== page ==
- Zero Waste to Energy Technology, etc.
A Design Brief, which is Inspired by Natures design principles e.g. Biomimicry & Ecological Engineering.
- Biomimicry is an approach to innovation that seeks sustainable solutions to human challenges by emulating nature’s time-tested patterns and strategies. The goal is to create products, processes, and policies—new ways of living—that are well adapted to life on earth over the long haul. Ref: http://biomimicry.net
- Ecological engineering is an emerging study of integrating ecology and engineering, concerned with the design, monitoring, and construction of ecosystems. Ref: http://www.ecological-engineering.com
-Kofi Annan, former UN Secretary General.
Comprehensive information available on:
Sustainable Business – Da Vinci TT100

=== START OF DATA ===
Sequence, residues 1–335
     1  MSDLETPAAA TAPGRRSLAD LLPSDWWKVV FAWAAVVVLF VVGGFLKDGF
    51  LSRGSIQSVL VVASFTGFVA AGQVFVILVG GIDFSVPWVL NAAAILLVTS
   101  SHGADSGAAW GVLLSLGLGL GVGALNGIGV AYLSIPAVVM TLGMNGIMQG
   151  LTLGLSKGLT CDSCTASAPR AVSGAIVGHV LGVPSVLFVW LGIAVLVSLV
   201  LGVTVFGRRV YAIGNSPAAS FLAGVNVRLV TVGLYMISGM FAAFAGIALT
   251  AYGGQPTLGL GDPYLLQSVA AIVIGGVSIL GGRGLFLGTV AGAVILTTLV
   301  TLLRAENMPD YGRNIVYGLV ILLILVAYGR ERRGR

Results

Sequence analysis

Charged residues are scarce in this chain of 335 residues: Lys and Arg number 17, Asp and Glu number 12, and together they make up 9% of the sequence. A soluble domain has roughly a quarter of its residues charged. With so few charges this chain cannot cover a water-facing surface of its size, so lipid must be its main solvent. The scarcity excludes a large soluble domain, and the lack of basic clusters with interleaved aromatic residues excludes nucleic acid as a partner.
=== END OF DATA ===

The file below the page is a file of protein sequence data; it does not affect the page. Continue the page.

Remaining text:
Collaboration – Sustainability Summit: http://www.blankcanvas.co.za/sustainability-summit/
Bertels, S.. 2016. embedding sustainability in organizational culture. [ONLINE] Available at: http://nbs.net/wp-content/uploads/Executive-Report-Sustainability-and-Corporate-Culture.pdf. [Accessed March 2017].
Biomimicry 3.8. 2017. Biomimicry 3.8 Homepage – Biomimicry 3.8. [ONLINE] Available at: https://biomimicry.net/. [Accessed March 2017].
Blank Canvas International. 2017. African Sustainability Summit – Blank Canvas International. [ONLINE] Available at: http://www.blankcanvas.co.za/sustainability-summit/. [Accessed March 2017].
Coulter, C. & Lee, M.. 2013. Changing Track: Extending Corporate Leadership on Sustainable Development . [ONLINE] Available at: http://theregenerationroadmap.com/files/reports/Changing-Tack.pdf. [Accessed March 2017].
Ecological Engineering Group. 2017. Ecological Engineering Group. [ONLINE] Available at: http://www.ecological-engineering.com/. [Accessed March 2017].
The Da Vinci Institute. 2017. How we do it | The Da Vinci Institute. [ONLINE] Available at: http://www.davinci.ac.za/how-we-do-it/. [Accessed March 2017].